The weekend’s entertainments

by Tom Ingram

Quartet came out in Canada on Friday. It’s an hors d’oeuvre, but a good one. Billy Connolly is a great dirty old man, the music is very nice, and there’s a shout out to, of all things, Lovreglio’s Traviata fantasy for the clarinet.

The WSO concert was Ligeti, Prokofiev, and Dvorak, and it was a little more mixed. Ligeti’s “Concert romanesc” is a stunning little work by a composer I had underestimated. Unfortunately, Saturday night’s rendition of it was marred by some pretty awful balance issues and insipid tone from the cellos and bassoons. This carried over into Prokofiev (the third piano concerto). The soloist, Nobuyuki Tsujii, is a little too tentative and clean. The piano was actually inaudible at points, sometimes fairly crucial points. And he was too nice. The third piano concerto, especially in the first movement, is meant to be sloppy and vulgar. It’s witty, but foul-mouthed. Wrong notes are acceptable, even encouraged.

The Dvorak (seventh symphony) was much better—it’s pretty clear where all the rehearsal time went. So far this year, the meaty symphonic music has come off well, but the equally important crowd-pleasing character pieces have fallen a little flat.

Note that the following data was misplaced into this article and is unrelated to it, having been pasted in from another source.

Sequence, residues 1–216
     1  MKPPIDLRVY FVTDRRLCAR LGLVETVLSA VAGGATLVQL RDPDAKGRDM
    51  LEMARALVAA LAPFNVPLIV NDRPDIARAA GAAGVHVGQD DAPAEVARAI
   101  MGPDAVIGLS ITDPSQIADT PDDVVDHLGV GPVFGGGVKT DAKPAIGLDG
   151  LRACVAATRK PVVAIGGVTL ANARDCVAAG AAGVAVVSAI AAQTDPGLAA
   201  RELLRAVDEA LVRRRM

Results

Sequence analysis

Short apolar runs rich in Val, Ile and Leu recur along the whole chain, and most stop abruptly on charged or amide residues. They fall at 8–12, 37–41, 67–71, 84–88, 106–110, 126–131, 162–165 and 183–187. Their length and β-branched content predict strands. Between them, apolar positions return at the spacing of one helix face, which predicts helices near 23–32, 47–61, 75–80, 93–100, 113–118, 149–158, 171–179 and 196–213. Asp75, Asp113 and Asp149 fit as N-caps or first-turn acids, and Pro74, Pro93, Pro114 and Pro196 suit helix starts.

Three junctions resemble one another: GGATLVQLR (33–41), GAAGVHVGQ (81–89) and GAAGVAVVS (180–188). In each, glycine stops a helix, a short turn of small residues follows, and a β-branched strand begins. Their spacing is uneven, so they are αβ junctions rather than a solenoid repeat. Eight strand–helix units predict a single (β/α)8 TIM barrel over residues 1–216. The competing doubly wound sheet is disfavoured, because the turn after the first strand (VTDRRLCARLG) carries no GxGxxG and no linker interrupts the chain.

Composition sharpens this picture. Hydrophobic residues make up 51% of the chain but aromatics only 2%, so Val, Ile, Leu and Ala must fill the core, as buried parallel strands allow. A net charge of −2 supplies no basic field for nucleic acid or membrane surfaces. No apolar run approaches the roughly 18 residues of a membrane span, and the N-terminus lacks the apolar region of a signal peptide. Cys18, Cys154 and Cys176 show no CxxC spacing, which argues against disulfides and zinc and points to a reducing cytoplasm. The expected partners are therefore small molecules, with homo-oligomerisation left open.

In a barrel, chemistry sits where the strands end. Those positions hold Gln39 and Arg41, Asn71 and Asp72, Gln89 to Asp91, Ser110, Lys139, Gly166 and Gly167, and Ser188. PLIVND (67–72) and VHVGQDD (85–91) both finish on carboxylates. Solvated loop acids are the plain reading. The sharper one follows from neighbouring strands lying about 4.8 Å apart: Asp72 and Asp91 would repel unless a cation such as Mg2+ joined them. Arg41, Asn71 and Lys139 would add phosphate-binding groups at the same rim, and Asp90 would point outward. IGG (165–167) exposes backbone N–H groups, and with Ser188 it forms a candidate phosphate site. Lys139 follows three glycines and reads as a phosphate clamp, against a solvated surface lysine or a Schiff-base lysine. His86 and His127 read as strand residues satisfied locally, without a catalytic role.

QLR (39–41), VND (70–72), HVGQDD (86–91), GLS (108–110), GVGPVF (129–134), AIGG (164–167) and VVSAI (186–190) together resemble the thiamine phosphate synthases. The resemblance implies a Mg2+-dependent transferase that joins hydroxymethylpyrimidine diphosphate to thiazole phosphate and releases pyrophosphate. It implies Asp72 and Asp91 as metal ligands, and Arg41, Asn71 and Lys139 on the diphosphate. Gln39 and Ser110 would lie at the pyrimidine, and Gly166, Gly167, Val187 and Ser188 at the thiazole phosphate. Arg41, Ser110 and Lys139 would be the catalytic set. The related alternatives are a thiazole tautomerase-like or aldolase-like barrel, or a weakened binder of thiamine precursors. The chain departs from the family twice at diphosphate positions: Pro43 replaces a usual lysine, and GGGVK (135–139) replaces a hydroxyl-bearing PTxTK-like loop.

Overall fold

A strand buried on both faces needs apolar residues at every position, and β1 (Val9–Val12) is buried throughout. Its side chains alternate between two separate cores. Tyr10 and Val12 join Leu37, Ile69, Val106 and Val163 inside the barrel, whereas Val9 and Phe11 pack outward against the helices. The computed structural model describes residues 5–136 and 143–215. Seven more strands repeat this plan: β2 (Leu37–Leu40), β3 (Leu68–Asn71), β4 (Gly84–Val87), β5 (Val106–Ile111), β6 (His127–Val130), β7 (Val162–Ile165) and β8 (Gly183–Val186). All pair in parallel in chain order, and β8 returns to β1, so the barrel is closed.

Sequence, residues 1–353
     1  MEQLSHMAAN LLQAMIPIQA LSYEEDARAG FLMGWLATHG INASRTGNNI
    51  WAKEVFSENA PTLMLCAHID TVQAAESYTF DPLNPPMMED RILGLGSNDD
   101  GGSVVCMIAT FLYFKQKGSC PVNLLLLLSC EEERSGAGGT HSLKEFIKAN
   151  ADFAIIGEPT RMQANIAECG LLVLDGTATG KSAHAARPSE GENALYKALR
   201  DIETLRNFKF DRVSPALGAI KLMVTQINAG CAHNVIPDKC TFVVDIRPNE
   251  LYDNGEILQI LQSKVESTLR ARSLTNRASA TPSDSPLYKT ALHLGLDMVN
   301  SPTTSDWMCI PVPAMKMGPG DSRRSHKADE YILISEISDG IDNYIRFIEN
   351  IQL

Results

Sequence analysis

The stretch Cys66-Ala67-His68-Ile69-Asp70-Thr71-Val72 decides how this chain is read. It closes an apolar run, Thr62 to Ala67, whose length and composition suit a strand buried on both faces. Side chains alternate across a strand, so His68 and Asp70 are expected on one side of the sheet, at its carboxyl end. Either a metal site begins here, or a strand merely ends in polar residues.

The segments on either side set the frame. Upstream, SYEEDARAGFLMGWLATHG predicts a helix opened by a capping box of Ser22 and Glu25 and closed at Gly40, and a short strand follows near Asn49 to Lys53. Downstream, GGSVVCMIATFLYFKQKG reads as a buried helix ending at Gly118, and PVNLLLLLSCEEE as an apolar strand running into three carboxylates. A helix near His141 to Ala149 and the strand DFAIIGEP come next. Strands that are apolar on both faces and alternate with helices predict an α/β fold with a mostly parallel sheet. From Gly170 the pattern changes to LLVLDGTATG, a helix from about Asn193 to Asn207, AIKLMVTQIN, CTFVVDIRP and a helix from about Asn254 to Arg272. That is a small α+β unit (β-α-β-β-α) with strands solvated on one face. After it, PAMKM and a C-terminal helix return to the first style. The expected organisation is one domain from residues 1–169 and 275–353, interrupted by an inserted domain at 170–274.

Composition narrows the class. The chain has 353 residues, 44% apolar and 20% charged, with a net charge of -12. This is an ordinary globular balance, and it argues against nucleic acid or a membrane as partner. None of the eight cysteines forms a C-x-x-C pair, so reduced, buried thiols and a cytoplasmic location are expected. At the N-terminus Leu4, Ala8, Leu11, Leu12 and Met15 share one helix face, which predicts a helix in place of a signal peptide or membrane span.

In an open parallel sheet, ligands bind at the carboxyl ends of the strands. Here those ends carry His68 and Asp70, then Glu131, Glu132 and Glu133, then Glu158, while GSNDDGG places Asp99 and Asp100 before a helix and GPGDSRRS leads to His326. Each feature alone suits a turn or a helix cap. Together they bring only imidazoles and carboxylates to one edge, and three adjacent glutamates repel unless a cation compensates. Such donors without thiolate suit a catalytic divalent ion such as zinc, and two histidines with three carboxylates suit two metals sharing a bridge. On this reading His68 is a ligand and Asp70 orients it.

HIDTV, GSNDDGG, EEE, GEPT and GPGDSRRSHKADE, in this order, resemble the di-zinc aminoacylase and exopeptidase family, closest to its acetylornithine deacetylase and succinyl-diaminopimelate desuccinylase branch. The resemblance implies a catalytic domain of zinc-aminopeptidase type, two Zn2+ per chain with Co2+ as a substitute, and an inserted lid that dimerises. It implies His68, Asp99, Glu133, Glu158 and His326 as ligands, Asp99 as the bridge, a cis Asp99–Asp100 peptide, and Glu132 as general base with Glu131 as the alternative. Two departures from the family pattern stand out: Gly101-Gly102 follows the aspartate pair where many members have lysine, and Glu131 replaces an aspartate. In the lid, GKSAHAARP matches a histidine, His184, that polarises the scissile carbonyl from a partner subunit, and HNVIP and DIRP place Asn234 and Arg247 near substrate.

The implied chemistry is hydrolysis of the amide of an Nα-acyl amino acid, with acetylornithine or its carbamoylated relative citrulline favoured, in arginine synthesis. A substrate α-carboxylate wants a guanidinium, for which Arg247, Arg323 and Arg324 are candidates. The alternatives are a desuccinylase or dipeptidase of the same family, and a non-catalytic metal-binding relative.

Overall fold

I’m no expert on disability studies, but I strongly suspect there is something undignified in the way Tsujii was put on display. Like a freak show—“look everybody, blind people are people too! Some of them even play the piano!” The fact that he is blind seemed to overshadow the fact that he’s a fine, well-trained musician playing a great piece of music. The pre-concert talk was all about the challenges of blind pianism, and hardly mentioned Prokofiev. The standing ovation was for his heartstring-tugging story, not because his performance was astounding (it wasn’t).

More standing ovation-related hypocrisy: I confess I didn’t have the strength to stay seated during the whole ovation. In my defense, I defied the crowd at the end of the Dvorak, which didn’t bring many people to their feet because no one had to overcome anything in order to perform it. But the Dvorak was better.